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Madam Justice France Charbonneau attends the first day of the commission investigating collusion in Quebec's construction industry in Montreal, May 22, 2012.

OLIVIER JEAN/OLIVIER JEAN/REUTERS

The underworld will be placed under the microscope this fall when Quebec's corruption inquiry begins probing links between the construction industry and organized crime.

The inquiry head also hinted that there will be testimony about political corruption, as she made her opening statements Monday upon returning from the summer break.

France Charbonneau said most of the work this fall will focus on the infiltration of organized crime into the construction industry.

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"We will hear from experts who will describe how organized crime infiltrates the legal activities of the construction sector and puts them in danger," she said in a statement Monday, following a three-month hiatus.

"We will also focus on violence and extortion which is present on certain construction worksites."

The commission has already heard explosive testimony from the likes of Jacques Duchesneau, the former police chief who said more than two-thirds of political party funding was done improperly. The province's former anti-collusion investigator, Mr. Duchesneau is the author of a report tabled one year ago that forced outgoing premier Jean Charest to call a corruption probe.

Mr. Duchesneau has since become a provincial politician himself. Mr. Charest is out of politics.

Ms. Charbonneau said witnesses this fall will testify about corruption related to the awarding and management of public contracts.

In particular, the witnesses will discuss contracts awarded in Montreal and nearby Laval for projects like sidewalks, sewers and asphalt.

They will also testify about the financing of municipal and political parties. Elected politicians from Montreal and Laval will be named by witnesses, she said.

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Ms. Charbonneau noted that because the commission's mandate covers the entire province, inquiries are underway in a number of areas outside Montreal.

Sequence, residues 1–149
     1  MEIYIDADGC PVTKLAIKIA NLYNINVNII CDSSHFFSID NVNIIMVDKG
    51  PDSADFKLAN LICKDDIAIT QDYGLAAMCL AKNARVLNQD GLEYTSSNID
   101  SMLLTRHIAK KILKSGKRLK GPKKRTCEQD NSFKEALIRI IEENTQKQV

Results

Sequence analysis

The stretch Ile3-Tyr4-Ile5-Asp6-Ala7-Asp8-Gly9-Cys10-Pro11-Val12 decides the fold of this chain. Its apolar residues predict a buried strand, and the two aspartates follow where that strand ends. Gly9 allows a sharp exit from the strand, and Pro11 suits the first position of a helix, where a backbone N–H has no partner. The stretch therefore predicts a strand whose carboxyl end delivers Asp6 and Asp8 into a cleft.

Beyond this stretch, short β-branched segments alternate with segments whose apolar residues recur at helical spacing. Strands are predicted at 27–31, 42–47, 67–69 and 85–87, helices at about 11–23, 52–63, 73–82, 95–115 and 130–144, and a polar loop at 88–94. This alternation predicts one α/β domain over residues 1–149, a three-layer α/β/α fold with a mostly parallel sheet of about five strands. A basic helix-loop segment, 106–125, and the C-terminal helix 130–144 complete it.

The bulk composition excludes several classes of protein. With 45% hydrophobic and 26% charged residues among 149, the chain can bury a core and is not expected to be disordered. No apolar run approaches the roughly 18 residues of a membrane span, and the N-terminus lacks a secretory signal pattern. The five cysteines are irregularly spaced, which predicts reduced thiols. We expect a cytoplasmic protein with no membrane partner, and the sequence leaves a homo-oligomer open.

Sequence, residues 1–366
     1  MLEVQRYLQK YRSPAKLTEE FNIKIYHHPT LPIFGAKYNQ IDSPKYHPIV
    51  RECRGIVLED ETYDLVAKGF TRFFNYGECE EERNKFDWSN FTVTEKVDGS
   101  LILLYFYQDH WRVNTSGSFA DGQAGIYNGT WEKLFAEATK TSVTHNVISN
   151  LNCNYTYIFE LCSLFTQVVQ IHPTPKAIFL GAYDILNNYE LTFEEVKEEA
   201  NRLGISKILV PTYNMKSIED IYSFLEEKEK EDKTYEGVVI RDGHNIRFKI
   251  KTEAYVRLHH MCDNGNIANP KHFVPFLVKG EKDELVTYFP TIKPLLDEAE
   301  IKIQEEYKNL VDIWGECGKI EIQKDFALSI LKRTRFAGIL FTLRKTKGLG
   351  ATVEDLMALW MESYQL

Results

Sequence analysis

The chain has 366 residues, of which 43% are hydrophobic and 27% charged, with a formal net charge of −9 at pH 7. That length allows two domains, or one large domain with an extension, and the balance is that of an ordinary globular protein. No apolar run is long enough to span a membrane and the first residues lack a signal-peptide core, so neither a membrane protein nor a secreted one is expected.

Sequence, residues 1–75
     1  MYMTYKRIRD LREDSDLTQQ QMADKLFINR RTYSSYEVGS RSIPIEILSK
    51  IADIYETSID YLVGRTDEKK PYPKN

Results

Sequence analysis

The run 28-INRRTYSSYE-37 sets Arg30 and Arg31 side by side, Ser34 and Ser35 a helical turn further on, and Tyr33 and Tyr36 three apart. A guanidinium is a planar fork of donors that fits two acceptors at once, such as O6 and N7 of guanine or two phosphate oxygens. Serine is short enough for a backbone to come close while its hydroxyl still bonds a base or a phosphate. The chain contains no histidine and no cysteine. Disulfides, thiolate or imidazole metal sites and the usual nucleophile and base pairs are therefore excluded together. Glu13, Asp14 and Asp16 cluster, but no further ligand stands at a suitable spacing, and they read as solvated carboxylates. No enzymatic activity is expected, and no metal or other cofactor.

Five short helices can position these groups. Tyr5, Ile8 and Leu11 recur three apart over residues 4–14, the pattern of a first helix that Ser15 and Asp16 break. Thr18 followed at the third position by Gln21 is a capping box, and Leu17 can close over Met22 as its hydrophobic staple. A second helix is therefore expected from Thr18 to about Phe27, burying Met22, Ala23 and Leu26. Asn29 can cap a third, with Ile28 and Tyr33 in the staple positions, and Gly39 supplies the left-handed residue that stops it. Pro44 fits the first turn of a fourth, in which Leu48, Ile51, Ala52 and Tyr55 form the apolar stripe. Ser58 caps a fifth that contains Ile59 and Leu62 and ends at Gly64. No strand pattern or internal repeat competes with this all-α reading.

Ms. Charbonneau said more than 1,600 tips have been received so far from different parts of the province.

She said investigations are taking place on Quebec's North Shore, the Abitibi region, Trois-Rivieres, the Eastern Townships and Quebec City.

First up on Monday was an economist, Louis Delagrave, who authored a book about the history of Quebec's construction industry and its powerful unions.

Commission lawyer Sonia Lebel told Ms. Charbonneau that she intends to call about 50 witnesses who will testify about the impact of organized crime within the industry.

"Our investigation to date has allowed us to identify two groups linked to the construction industry — the Mafia and criminal biker gangs," Ms. Lebel said.

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Three law-enforcement witnesses are scheduled: an officer with Quebec's provincial police who specializes in biker gangs; a police officer from York Regional Police who will discuss the Mafia in Ontario; and an RCMP analyst who specializes in the Mafia in Quebec, including the powerful Rizzuto clan.

"Organized crime is not attacking the system. Rather, they are using the system and taking advantage of its weaknesses," Ms. Lebel said.

Also expected to testify is a criminologist from Italy who is considered an expert on the Italian Mafia. She will paint a portrait of how the Mafia works in Italy.

"These witnesses will seriously set the table for the rest of the commission's work," Ms. Lebel said.

Others are also expected to testify — either behind closed doors or with a publication ban on their identity, for security purposes.

Some of those testifying this fall are people facing charges.

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The public prosecutor's office has received intervenor status and could alert commission lawyers in the event that ongoing police investigations or criminal prosecutions are at risk of being compromised by testimony.

Meanwhile, the man that media had hoped to catch a glimpse of on Monday, an FBI legend who was reportedly set to testify, was nowhere to be found.

There were reports late last week that the FBI officer who famously passed himself off as "Donnie Brasco" would testify Monday. Inquiry officials have still not confirmed or denied Joseph Pistone's anticipated appearance.

Mr. Pistone is the man who decades ago infiltrated the New York Mafia in an operation immortalized in a 1997 Hollywood film.

A crush of reporters, photographers and videographers crammed into the commission's modest media room hoping to capture his appearance, but Mr. Pistone's name was not mentioned Monday on the witness list nor was his presence at a later date confirmed.

Ms. Charbonneau, without naming names, delivered a stern warning to the media, asking them to stop releasing names of witnesses in advance.

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"Publishing in advance the names of people you've heard that will be heard ... can seriously hinder investigations," Ms. Charbonneau warned.

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